“The oil is not gone,” wrote Terry Tempest Williams in the November/December 2010 issue of Orion. “This story is not over.” Williams visited Louisiana’s Gulf coast in July 2010, where, roughly three months after the Deep Water Horizon blowout, Gulf residents described BP’s recovery efforts—including the spraying of Corexit, a chemical dispersant meant to break up oil at the ocean surface—with concern and unease. Williams spent time with many Gulf residents during her visit, including Becky Duet and her husband, Earl, of Galliano, Louisiana, who put the situation this way: “They’re spraying us and the bayous at night. They’re spraying the marshes—everything. People are going to get sick.”
In 2012, we checked in with Becky Duet to hear what changed, and what hadn’t, since the summer of 2010; the original interview is below. Today, five years after the largest oil spill in U.S. history, Duet reports that she has spotted dead dolphins on shore, has received no financial support from BP, and that the spill’s anniversary offers more questions than answers.
If a person were to rely on mainstream media to understand what’s happened in the Gulf since 2010, he or she might assume the story’s over. What’s being missed?
What I can tell you is what I’ve seen in the last year or so: shrimp with no eyes, no tails; crabs that are not a normal color—they’re three colors. I’ve seen crabs that have white claws and green bodies. Or they have sores. Or they’re deformed. It’s the same thing with oysters: they have a black sheen on them, and the spats aren’t growing in right. They were smothered.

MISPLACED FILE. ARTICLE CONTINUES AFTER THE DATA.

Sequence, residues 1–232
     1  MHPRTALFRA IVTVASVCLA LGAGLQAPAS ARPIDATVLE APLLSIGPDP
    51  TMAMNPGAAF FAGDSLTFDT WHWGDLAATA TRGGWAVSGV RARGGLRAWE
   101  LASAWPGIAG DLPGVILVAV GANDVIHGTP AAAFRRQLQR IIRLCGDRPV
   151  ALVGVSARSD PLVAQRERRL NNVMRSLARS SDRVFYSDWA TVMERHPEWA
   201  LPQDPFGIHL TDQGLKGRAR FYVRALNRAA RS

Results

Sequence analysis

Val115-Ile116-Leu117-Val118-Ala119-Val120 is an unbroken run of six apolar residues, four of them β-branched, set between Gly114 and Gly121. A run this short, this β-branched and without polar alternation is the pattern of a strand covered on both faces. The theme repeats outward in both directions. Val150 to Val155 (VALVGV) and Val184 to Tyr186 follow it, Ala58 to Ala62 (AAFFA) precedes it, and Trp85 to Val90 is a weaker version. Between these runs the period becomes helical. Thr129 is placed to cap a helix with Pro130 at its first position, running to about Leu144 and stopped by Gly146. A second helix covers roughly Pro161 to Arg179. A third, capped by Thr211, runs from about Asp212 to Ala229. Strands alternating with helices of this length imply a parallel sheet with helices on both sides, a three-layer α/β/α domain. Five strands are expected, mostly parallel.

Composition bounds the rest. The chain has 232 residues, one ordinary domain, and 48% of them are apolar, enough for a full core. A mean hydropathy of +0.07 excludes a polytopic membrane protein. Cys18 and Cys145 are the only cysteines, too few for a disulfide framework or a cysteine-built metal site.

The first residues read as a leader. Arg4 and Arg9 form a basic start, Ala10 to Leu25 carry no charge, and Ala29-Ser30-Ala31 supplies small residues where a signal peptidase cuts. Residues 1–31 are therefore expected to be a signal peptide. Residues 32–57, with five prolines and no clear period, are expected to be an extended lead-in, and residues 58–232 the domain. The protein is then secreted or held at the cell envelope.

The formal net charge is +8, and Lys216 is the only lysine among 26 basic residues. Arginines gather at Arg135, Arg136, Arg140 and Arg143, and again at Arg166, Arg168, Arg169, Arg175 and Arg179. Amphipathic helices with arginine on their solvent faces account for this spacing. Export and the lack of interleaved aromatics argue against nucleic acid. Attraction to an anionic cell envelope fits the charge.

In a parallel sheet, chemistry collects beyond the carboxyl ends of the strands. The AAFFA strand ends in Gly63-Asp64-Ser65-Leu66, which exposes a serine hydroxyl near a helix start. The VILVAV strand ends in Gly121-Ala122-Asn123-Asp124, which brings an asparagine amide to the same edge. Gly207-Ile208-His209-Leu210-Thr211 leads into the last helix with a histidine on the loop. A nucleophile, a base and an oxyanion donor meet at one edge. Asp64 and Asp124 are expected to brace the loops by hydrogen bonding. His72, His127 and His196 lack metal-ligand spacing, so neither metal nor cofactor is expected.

I’ll give you a quick story: Last August, a guy I normally buy fish from came into the deli and said, “Miss Becky, I got about twenty pounds of shrimp”—he had them in a plastic grocery bag, and he put the bag down in the back of my store. I kept doing my orders at the deli—didn’t think nothing of it—until I started smelling something strange, like there was something bad in the garbage. When I went to fix dinner with those shrimp, I realized the smell—an ammonia smell—was coming out of the bag. It smelled up the whole place. And those shrimp were caught six or seven hours earlier! I ended up throwing it all in the bayou.
Following the spill, there was a lot of concern about BP’s spraying of Corexit, the chemical meant to disperse oil sitting at the ocean’s surface. Where has all that oil and dispersant gone?
It’s on the ocean bottom. For the longest time, fishermen would drag for shrimp and pick up black, gunky stuff in their nets. It looked like a kind of heavy syrup. They’d have to clean them out afterward.
The thing is, that’s our crop down here. When all that stuff sinks to the bottom, when the shrimp and eggs and larvae are under a layer of oil and dispersant—the ocean is smothered.
How are you and your neighbors dealing with all this? How is Galliano faring?
The shrimp and crab seasons, none of them are happening. Fishermen are going out and hardly getting any money for their catch: a guy with the Louisiana Shrimp Commission recently said that some of the catches are down by 50 percent. Crabbers aren’t catching crabs, and guys who used to run four hundred, five hundred traps are now running two hundred. It doesn’t pay to run many traps when you can hardly pay for your fuel.